McNulty’s thoughtless personal behavior is infuriating, but his reckless professional behavior is insulting. A McNulty who cuts corners, defies his superiors, and burns bridges in order to make a case is, well, McNulty, and always has been. He’s a brash asshole. What he’s not, though, is stupid, and his serial-killer scheme is as dumb as a pillowcase full of doorknobs. Rather than use his open line to the Sun to provide damaging leaks about how the investigation into the 22 row-house murders has been shuttered — keep in mind that press leaks about egregious murders had been used to great effect long before we set foot inside a newsroom on this show — he instead starts pinning dead homeless people on an imaginary serial killer because that will, somehow, provide him with the resources to finish the investigation. Did he get this plan from the underpants gnomes? A jerry-rigged, inadmissible wiretap hardly seems worth the inevitable fallout when institutional pressure is brought to bear on catching a killer it’s impossible to catch. His showy drinking on the job and his constant taunting of his horrified partner Bunk Moreland are equally out of character, even for McNulty at his previous worst.
Poor Lester Freamon gets done even dirtier. Suddenly a man who sat patiently in the property unit for 13 years and four months rather than play department politics can’t wait for the next fiscal year. Suddenly a man who nearly came to blows with McNulty during Season Three over Jimmy’s ingratitude and insubordination is right there alongside him in both. Suddenly the man who memorably told Jimmy a great case won’t give him a good life is feeding his belief in exactly that trade-off, while even his ex-wife Elena is begging him to focus on the stuff that matters. Suddenly the smartest detective in Baltimore is on board with the dumbest idea I’ve ever heard. You can hear the dramaturgical bellyflop all the way up the Patapsco.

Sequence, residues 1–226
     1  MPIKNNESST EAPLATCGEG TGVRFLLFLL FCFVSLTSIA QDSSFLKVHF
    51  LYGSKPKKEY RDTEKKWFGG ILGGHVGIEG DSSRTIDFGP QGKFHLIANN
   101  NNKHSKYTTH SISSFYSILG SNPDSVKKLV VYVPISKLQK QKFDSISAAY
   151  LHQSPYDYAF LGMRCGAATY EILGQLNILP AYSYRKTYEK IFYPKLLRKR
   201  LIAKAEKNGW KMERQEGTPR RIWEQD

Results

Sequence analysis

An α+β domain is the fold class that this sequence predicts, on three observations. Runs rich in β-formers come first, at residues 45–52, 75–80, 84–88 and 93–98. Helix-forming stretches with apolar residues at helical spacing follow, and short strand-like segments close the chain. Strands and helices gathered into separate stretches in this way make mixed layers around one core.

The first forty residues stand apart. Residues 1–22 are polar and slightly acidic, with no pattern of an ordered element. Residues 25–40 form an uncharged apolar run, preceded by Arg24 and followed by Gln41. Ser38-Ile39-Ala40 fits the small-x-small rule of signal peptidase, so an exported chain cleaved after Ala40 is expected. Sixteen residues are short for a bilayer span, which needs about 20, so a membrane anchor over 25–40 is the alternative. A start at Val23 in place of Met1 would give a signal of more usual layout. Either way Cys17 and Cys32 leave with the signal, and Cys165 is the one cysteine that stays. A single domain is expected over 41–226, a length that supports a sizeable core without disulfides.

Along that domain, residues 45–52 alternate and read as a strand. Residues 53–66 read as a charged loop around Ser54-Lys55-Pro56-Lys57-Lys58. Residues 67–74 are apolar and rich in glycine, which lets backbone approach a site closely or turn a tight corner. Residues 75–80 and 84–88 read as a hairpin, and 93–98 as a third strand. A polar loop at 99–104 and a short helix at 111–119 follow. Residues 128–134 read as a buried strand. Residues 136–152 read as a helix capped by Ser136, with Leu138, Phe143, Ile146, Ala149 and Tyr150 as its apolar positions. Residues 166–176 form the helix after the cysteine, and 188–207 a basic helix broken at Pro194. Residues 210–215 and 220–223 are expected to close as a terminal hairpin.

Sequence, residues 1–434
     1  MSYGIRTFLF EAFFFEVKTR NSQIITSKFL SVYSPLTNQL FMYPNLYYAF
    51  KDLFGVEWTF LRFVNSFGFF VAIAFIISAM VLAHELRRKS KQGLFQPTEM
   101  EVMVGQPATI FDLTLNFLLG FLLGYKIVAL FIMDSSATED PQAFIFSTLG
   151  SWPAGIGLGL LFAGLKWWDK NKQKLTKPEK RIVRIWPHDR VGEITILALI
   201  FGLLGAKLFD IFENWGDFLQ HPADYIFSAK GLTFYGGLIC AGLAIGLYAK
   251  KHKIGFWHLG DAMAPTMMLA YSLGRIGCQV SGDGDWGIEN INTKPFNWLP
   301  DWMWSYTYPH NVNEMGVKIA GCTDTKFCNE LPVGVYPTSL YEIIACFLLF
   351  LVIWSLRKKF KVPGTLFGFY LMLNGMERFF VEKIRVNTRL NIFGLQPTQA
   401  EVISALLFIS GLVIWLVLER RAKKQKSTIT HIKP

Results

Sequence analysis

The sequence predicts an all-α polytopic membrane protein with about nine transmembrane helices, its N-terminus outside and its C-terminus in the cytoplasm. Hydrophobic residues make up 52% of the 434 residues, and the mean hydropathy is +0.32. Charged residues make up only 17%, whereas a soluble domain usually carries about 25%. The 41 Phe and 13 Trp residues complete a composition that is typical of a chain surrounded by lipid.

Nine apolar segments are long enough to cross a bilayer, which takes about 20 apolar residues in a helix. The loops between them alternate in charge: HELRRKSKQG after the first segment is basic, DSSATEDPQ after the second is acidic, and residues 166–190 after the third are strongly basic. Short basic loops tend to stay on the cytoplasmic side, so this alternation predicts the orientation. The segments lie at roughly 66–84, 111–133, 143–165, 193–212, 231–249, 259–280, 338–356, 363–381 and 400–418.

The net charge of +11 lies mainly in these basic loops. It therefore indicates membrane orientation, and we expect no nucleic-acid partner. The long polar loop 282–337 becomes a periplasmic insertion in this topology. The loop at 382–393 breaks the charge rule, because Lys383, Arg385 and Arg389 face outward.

At least with these characters, we can remember what they once were. The reporters and editors of the Baltimore Sun are only ever what they are right now, and that ain’t much at all. Interviews with David Simon have made it depressingly clear that the Sun storyline is straight-up revenge against his hated bosses and colleagues from his time at the paper, right down to one-to-one correspondences between characters and actual people he’ll call out on the record, lines lifted directly from their emails, you name it. The insipid, officious shit played by Breaking Bad’s David Costabile, for example, is based on editor Bill Marimow, who already had a namesake on the show in the form of Lieutenant Marimow, the officer sent in to stifle Major Crimes last season. You’d think that would be enough! Like the ambitious but lazy young fabulist Scott Templeton, the editors are mustache-twirling villains, inert presences in the story and on the screen. The Wire stacks the deck less against actual mass murderers than it does against characters based on people who pissed David Simon off at work.